Thank you for giving my son life.
I don’t want to get crazy on you here, but let me be totally transparent: I can’t imagine what my family would look like without that liquid gold. Your gold. Your life-force alchemy.
I know what it’s like to hook yourself up to a pump every day, mulitple times a day, for months on end. Extracting that milk, creating extra steps, extra dishes, extra work while engaging in the most extra energy exerting time of your life with a newborn clutched to one breast as the pump cranks on the other. You never even hinted at the burden I knew it was for you. You handled it with an elegant grace I unreservedly admire.
Last year, I found myself stuck in a nightmare with my eight month old son. My sweet baby had severe food allergies (here’s what I want you to know about FPIES), and needed more milk than I could produce. My breasts, the ones that were meant to feed him, began to fail us both. Even after all of the nutrition and support and finally pharmaceutical medication, I could not raise my milk supply to keep up with his demand. Exclusive pumping, unimaginable stress, sick baby, hormone shifts, whatever. You name it, it contributed to the decrease in my milk.
Formula was a risky option for my son, even the expensive elemental ones that work for 99.9% of infants with food allergies. We had no guarantee my son’s compromised system could tolerate the pre-digested proteins, as many other babies with his syndrome are unable to. I prayed. I researched. I lit candles and called formula companies and looked into every conceivable way to feed my son that did not require actual food.
And then my phone rang and you were on the line, understanding with your medical knowledge and feeling it all with your tender heart, and asked if you could give my son your milk.
I cried. With my back literally against the wall, sitting on the floor of my bedroom, muffling my relieved sobs, I accepted your gift with the undeniable knowledge there was no way I could ever pay this gift forward, much less pay you back. With a newborn baby who needed your milk and a toddler who needed your attention, a full-time job and active community involvement, you offered to close the gap for us. You added one more thing to your very full plate and you did it with grace and strength and love.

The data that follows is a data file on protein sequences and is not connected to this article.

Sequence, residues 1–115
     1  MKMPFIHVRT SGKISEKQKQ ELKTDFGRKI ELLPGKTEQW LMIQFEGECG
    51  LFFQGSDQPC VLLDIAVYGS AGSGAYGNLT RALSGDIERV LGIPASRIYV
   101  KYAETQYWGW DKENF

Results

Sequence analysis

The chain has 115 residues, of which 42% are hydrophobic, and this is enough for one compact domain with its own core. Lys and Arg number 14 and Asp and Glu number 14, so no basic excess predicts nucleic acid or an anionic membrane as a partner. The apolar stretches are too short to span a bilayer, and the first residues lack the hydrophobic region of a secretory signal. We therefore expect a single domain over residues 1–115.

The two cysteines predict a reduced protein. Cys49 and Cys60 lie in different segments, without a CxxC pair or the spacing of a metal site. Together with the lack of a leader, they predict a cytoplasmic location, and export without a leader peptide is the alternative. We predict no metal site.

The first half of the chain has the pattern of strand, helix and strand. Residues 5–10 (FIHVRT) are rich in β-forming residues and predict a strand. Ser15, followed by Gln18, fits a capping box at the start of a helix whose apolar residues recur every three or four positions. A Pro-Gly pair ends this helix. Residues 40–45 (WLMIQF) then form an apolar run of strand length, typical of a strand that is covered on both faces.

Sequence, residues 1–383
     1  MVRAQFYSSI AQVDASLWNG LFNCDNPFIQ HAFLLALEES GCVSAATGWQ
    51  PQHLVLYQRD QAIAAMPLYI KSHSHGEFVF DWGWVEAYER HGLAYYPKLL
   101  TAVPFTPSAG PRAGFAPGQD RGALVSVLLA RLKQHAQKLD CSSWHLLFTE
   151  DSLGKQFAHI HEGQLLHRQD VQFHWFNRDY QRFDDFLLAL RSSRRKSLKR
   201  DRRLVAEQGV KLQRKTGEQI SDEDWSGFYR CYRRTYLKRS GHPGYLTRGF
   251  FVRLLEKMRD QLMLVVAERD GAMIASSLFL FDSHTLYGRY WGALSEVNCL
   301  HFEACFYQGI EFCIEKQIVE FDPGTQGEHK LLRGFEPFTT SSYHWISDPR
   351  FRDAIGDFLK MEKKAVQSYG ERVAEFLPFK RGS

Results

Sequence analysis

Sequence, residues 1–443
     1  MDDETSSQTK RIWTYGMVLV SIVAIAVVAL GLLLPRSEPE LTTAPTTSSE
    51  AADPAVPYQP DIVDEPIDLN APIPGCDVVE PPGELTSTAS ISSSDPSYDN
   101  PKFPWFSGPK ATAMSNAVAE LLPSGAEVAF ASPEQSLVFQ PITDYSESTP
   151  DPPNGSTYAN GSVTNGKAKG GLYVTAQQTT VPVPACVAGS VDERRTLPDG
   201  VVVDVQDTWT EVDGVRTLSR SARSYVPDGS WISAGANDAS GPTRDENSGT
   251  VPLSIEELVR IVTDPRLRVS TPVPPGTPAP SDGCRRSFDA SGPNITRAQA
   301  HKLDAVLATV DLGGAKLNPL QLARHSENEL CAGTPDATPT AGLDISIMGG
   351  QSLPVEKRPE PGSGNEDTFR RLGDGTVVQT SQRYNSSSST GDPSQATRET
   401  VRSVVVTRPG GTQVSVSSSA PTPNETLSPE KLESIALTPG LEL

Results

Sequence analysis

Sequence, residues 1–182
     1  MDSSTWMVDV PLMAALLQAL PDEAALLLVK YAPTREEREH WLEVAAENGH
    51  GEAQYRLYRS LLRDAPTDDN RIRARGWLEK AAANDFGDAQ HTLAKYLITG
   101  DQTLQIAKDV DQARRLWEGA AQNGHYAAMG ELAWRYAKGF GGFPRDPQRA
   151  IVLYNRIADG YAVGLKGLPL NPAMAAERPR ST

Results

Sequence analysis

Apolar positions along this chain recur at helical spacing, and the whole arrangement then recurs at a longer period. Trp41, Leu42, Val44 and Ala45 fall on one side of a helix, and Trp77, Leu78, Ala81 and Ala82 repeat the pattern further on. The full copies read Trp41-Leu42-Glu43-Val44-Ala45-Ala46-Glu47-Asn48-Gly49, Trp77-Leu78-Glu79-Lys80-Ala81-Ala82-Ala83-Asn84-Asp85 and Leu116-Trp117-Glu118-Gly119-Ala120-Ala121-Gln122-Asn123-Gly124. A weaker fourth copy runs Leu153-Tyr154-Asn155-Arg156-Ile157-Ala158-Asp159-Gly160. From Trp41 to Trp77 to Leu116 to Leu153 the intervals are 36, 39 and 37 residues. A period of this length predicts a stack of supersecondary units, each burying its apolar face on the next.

Every few weeks, a box would arrive, overnighted from Texas to Oregon, dry ice all but disintegrated in a custom styrofoam cooler. (One of many coolers you recruited your friends to save for you to ship your milk to us.) You pumped your milk, froze it, picked up the cooler from your friend, loaded it all into your car, bought dry ice, carefully constructed the layers of dry ice and newspaper and milk inside the cooler, put that cooler in a box and took it to the shipping place with a hope and a prayer that all your hard work and irreplaceable milk would travel 2,000 miles and still be frozen when it arrived. You, who had a million and one things to do, found time and capacity to do one more (hard) thing. And you never complained.
I followed a strict elimination diet, and at one point I could only safely eat 11 foods without causing my son’s gut to bleed and his weight to drop. You altered your diet, too. You ate the same tiny list of foods because you loved my son that much. You restricted your menu and dilligently read every label and questioned every ingredient before eating a single bite in order to keep my son safe. You were full of encouraging words and creatively figured out what to eat when you couldn’t really eat anything and shared your food hacks with me.
Last summer, after seven months of pumping and freezing and shipping, you called me in tears. Your milk was almost gone, drying up to barely a trickle. I cried, too. I offered to send back what milk I had left in my freezer for your daughter. The milk belonged to her. YOU are HER mama. That milk was made for her. I was adamant.
You said no.
Unbeknownst to me, you had already tried other supplemental options and she responded well. “My baby is healthy. We can still nurse. And two more weeks of freezer milk will buy you time to find another way.” And you were right. We found another way. Another donor, (your sister). And another donor after that, (my best friend). And eventually, another supplementation my son’s body accepted.
- Two friends in Texas (including his main donor, Allison)
- One visiting friend from England (and sister to Allison)
- My BFF who supplied milk for several months after our main donor could not continue.
- My midwife who learned she was pregnant about an hour before my son was born and donated her baby’s colostrum.
- A friend of a friend I met only once, but for whom I feel much gratitude.